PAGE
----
Malaysiakini Letter

The 'real' Malaysia: Seeing the positive around us

Arman Rashid
Published:  |  Modified:

LETTER | Last year, I relocated to Kuala Lumpur – my birthplace where I had grown up mostly in – after almost 13 years. I recently decided to use more public transportation to be environmentally responsible. I have no excuse not to as KL has an impressive integrated railway network with LRT, MRT, BRT, Monorail and KTM now.

Taking public transportation is an experience itself as you get to see a cross-section of people and how they interact with each other in close proximity. I want to share four experiences this week that made me hopeful and optimistic about the future of Malaysia.

4.30pm, at Hang Tuah Monorail Station

I am waiting for the monorail during the rush hour. The train arriving in the platform is packed and I step aside to allow people to disembark. I see a visually-impaired old man with a walking stick (an Indian) trying to make his way out slowly from the train. He was not looking for help, but I see a young girl in school uniform (Chinese) walk up to him and offer help. She holds his hands and helps him walk from the train to the platform. As the train left the platform, I could still see her holding his hands and help him towards the stairs.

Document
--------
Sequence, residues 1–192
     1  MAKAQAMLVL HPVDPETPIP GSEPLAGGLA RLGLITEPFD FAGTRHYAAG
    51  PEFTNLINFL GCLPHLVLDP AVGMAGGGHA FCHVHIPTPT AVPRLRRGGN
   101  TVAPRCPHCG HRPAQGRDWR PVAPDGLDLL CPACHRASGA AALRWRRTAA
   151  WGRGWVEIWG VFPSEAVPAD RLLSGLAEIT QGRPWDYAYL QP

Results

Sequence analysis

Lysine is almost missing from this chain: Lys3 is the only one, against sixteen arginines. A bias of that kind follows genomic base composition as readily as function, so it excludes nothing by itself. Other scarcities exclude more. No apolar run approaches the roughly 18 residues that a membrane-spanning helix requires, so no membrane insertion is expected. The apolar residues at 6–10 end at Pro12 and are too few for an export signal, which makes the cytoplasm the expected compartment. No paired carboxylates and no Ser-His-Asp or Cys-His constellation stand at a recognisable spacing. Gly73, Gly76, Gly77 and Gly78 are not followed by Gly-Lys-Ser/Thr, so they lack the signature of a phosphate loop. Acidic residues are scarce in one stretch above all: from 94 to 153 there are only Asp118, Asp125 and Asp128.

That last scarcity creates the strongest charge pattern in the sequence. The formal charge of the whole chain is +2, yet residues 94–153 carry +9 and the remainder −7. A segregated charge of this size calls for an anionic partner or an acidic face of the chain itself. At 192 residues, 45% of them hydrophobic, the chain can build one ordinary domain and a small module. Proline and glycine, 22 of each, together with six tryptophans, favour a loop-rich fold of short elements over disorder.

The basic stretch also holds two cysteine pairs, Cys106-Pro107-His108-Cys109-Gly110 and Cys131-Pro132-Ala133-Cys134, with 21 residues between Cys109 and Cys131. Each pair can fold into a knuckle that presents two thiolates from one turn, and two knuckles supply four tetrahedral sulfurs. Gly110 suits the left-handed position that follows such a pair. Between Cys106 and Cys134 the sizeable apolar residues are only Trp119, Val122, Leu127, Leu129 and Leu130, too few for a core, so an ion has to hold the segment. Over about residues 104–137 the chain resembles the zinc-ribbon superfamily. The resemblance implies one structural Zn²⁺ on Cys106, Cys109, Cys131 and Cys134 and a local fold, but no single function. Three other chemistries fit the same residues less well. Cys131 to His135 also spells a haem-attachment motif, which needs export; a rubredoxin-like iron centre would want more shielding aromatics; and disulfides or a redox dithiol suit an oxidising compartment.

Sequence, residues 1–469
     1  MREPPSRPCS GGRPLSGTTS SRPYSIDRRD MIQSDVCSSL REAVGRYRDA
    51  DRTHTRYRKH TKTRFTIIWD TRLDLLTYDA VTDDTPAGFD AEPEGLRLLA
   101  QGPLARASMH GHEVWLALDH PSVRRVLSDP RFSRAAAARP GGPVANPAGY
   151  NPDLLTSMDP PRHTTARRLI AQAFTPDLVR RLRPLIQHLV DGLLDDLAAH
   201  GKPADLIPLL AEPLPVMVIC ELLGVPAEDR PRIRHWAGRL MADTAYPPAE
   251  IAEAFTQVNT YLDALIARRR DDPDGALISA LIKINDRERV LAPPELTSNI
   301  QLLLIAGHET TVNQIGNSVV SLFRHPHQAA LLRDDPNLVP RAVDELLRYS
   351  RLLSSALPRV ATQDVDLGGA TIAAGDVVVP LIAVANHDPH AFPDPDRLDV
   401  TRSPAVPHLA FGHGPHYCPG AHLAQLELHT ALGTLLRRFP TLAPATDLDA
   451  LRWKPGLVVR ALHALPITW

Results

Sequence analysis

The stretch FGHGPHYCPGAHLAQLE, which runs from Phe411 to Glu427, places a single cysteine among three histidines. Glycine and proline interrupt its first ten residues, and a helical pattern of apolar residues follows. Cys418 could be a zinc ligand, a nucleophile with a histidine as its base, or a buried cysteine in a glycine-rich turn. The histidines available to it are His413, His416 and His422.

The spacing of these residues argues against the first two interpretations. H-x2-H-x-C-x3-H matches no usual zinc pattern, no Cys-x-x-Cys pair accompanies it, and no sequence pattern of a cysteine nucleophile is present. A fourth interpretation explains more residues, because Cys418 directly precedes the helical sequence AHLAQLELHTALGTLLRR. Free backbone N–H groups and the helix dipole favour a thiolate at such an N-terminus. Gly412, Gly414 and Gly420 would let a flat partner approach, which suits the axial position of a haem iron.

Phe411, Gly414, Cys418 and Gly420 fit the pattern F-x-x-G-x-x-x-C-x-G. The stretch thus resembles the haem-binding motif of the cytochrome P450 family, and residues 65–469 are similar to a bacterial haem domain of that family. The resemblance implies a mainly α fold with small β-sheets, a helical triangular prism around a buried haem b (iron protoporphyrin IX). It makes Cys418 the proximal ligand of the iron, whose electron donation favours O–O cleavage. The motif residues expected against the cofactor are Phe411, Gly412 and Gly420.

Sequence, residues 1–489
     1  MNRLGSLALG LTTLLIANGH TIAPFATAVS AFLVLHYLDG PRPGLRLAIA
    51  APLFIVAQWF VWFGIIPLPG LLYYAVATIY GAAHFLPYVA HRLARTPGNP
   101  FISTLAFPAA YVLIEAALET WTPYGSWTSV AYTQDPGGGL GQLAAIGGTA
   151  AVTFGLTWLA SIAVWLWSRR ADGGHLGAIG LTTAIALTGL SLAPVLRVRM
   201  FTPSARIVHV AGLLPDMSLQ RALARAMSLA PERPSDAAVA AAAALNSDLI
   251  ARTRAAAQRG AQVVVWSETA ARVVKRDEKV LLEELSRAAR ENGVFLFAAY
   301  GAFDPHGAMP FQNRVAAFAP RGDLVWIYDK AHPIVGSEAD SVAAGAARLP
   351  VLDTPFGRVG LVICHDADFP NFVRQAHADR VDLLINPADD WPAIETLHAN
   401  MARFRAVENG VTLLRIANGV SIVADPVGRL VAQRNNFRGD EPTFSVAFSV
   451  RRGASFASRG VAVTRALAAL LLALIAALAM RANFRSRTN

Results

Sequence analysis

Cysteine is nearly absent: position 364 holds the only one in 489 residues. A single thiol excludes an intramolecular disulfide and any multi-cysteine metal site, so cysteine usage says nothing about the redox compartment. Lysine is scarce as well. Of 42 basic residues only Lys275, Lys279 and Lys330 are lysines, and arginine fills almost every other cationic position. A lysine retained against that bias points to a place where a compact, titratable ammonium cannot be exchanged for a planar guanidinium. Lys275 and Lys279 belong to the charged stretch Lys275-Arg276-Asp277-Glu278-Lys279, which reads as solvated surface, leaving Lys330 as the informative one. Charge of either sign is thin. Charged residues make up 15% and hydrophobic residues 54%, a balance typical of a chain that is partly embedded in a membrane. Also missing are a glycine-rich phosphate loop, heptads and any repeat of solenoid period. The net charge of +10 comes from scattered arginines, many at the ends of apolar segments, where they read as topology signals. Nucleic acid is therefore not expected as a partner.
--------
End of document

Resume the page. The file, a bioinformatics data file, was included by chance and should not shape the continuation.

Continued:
I have deliberately mentioned the ethnic identities of the old man and young girl here as this is a reminder for us again how humanity transcends racial boundaries in the real, everyday Malaysia. The political rhetoric aside, I see so many examples of Malays, Chinese and Indians every day – the humans of Malaysia- who are inclusive, compassionate and respectful of each other.

11pm, at TTDI MRT Station to KL Sentral Station 

After a long and hectic week, I am looking quite exhausted as I board the train to KL Sentral. The train is almost full even at this hour and there is no place to sit. I happily find a place to stand as I am only four stops away. I am pleasantly surprised when two young people I have never met insist on giving up their seats for me. One of them tells me, “Bro, you should sit…” I must be looking very tired, but I want to joke “Thank you, I know I am overweight but neither pregnant nor old.”

The two considerate people keep on persuading me that I should sit and I continued to politely decline with a smile, till I said goodbye to them at my stop in KL Sentral. I leave the train very touched by how kind and considerate these two total strangers were to me – they didn’t know me, but we were bound by a sense of humanity and compassion.

11.30pm, at KL Sentral Platform

It is getting late as I wait for the last or second-last train back home. The electronic ticker says the next train will arrive in eight minutes. I find a place to sit in the waiting area. As soon as I sit, I find a middle-aged man next to me looking very troubled and drawing my attention to a person next to us. I see this Caucasian guy lying down almost flat on his face. It seems he had a fun night out and perhaps too much to drink. He is passed out with his phone ringing, but it does not seem he will take it up anytime soon.